27 September 2012 In the United Nations General Assembly today, the leader of Bosnia and Herzegovina upbraided the international community over its failure to act in the Syrian crisis, saying it had failed to learn the lessons from the massacres that tore his own country apart 17 years ago to prevent a repetition of those events in the Arab state.
“The images coming from Syria remind us of the tragedy of Bosnia,” the Chairman of the Presidency of the Balkan nation, Bakir Izetbegovic, told the 67th Assembly on the third day of its annual General Debate, at UN Headquarters in New York.
“We in Bosnia and Herzegovina feel the pain of the Syrian people as our own because we went through the same horrors not that long ago,” he said, citing the massacre of 8,000 Muslim men and boys by Bosnian Serb forces who overran the UN-designated safe haven of Srebrenica, the largest such massacre on European soil since the founding of the world body.
“The best way to honour the victims of the Srebrenica genocide would have been to learn the lessons of that failure and not to commit the same errors ever again,” Chairman Izetbegovic added. “Sadly, the United Nations, especially its Security Council, have failed to do so.”
Over 18,000 Syrians have been killed and hundreds of thousands of others driven from their homes since the uprising against the regime of President Bashar al-Assad erupted 18 months ago, and Chairman Izetbegovic denounced his regime for answering his people’s yearning for freedom and democracy with guns and bombs.
“This is revolting and morally reprehensible, but so is our collective failure to stop it,” he said. “Once again, we are idly standing by while a human tragedy of dramatic proportions is unfolding before our eyes. We should do our part to help the Syrian people's historic stand for freedom.
We should do our part to save the people of Syria from tyranny. We should. But we are not.”
Chairman Izetbegovic stated that the international community has chosen, yet again, to repeat the trial-and-error pattern of policies that failed in Bosnia and Herzegovina, resorting to resolutions, statements of concern, ineffective sanctions, observers, and no mandate to protect civilians, all actions that have deadly consequences as demonstrated in his own country.
“Make no mistake,” he declared. “Unless we act now and act decisively to help the people of Syria and put an end to their bloodshed, this tragedy will haunt our history forever, just like Srebrenica.”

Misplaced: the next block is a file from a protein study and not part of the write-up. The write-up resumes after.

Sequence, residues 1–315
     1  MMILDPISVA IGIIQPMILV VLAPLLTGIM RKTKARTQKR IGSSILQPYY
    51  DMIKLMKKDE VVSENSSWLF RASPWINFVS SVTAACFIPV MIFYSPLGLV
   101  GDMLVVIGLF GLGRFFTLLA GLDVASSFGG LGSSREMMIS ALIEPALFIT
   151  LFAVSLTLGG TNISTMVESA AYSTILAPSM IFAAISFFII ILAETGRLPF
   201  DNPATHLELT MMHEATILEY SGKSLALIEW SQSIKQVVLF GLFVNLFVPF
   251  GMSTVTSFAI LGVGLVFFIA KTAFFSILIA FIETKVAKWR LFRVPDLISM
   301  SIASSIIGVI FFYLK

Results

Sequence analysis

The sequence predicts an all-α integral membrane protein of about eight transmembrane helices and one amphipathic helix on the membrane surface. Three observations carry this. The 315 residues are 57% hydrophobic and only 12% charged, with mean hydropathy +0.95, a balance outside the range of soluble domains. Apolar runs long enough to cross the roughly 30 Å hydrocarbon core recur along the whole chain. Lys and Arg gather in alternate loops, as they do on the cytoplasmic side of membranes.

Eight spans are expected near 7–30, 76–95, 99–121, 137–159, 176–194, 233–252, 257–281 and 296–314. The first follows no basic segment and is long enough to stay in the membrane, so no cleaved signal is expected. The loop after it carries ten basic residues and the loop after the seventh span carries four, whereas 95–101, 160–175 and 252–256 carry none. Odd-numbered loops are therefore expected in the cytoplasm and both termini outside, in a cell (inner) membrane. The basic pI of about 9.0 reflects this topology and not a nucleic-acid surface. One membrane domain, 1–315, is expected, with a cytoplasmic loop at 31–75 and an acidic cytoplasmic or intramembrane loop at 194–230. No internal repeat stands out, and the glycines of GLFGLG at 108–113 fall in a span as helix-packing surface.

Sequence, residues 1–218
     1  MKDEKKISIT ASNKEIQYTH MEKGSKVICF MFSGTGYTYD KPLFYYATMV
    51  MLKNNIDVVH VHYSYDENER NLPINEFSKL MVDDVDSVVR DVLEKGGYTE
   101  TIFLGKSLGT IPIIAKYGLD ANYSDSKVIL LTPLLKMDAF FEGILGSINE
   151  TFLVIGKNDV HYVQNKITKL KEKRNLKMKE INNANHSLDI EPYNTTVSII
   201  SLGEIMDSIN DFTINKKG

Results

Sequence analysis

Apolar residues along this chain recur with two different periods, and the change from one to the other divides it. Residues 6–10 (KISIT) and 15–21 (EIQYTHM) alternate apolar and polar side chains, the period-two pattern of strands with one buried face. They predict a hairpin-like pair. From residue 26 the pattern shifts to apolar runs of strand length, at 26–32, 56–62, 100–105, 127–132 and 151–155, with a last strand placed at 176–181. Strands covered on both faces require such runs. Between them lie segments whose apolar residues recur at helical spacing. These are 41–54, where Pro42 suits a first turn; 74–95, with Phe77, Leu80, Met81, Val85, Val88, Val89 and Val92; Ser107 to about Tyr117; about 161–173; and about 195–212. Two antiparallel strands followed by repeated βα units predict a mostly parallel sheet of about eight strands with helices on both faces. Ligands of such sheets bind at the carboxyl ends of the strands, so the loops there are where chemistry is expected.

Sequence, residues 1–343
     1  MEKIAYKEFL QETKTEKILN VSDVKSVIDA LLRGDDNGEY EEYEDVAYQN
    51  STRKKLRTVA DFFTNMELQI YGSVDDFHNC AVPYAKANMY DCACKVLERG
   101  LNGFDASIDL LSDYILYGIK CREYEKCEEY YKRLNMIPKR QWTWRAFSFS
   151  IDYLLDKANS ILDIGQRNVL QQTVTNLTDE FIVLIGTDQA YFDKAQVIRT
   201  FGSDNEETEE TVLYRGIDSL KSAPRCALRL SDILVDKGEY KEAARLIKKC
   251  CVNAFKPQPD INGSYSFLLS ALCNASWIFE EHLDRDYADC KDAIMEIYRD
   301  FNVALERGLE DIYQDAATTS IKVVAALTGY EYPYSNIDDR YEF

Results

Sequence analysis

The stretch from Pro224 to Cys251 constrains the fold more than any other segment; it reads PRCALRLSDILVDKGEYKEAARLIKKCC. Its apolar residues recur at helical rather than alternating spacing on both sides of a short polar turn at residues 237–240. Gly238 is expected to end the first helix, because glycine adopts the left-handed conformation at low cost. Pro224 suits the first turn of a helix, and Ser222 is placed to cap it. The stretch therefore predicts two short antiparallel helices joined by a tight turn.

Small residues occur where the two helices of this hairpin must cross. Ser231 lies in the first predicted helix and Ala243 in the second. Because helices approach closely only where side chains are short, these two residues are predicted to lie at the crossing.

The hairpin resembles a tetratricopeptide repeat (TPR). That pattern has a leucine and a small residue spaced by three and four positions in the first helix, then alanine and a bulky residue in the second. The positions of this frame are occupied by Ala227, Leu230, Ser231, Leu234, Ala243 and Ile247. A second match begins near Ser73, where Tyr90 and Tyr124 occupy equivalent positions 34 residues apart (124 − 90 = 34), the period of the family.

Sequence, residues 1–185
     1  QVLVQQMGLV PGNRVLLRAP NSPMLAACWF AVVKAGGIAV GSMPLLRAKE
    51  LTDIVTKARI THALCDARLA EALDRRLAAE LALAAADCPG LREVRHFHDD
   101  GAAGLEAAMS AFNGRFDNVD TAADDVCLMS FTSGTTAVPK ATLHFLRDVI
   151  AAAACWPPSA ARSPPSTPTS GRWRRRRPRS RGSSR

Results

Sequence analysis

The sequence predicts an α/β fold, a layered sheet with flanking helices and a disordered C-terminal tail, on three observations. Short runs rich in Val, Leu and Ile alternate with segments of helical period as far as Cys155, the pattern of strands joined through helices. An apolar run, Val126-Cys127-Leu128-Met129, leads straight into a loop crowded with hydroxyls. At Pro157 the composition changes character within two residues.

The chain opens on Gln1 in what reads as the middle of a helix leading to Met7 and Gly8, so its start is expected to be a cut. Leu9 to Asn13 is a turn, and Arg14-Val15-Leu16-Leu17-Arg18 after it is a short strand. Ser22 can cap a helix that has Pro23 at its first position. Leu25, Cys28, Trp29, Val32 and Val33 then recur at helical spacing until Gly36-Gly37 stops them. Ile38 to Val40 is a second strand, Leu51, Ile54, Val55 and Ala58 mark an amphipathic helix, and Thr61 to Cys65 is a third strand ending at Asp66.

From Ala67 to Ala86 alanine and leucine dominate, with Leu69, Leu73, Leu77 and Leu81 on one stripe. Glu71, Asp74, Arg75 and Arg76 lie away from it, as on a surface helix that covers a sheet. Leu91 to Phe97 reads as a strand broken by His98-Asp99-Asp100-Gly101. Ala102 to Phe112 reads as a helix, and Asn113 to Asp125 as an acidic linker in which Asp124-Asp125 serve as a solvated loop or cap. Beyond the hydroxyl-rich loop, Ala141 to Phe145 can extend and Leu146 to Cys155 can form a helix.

In his statement, the Chairman hailed the “historic awakening” of the Arab Spring which has seen long entrenched leaders ousted in Egypt, Egypt, Tunisia and Yemen, saying the drive to create democratic societies is the best confirmation that Muslims strongly strive for freedom, dignity, and human rights.
He deplored the lack of progress in the Middle East peace process, calling Israeli settlement activities on occupied Palestinian territories the most serious obstacle to peace based on a two-state solution with the two, living side by side within secure and recognized borders.
“The Palestinians have every right - historic, moral, and legal – to a state of their own. Israel has every right to its security,” he stressed. “The occupation must end. But so must the terror and violence.”
Turning to the recent publication of a anti-Islam video produced in the United States which sparked deadly violence in Arab and Islamic countries, Chairman Izetbegovic called the video deeply insulting and deserving the strongest condemnation.
“There is, however, no justification for responding to this movie with violence. Violence in response to speech is unacceptable. There can be no debate about that. Violence is no way to honour religion,” he said. “We must draw the line at violence. But we also must find a way to prevent hate speech and bigotry. Yes, there is the right to free speech. But there is also the right to dignity.”
Noting that the relation between the West and the Islamic world, and between their respective value systems, is going to be one of the most critical issues in the time ahead, he emphasized that there is no inherent contradiction between Islamic and Western values.
“There are only those who need to create a false perception of clash in order to come to power or maintain their hold on power,” he added. “In this modern age, we have to keep searching for a formula, a model for how to reconcile the relations between Islamic and Western values, between the East and West. No matter how hard it may be, finding that formula is going to be essential in the time ahead of us.”
The Chairman of the Presidency of Bosnia and Herzegovina is one of scores of world leaders and other high-level officials presenting their views and comments on issues of individual national and international relevance at the Assembly’s General Debate, which ends on 1 October.
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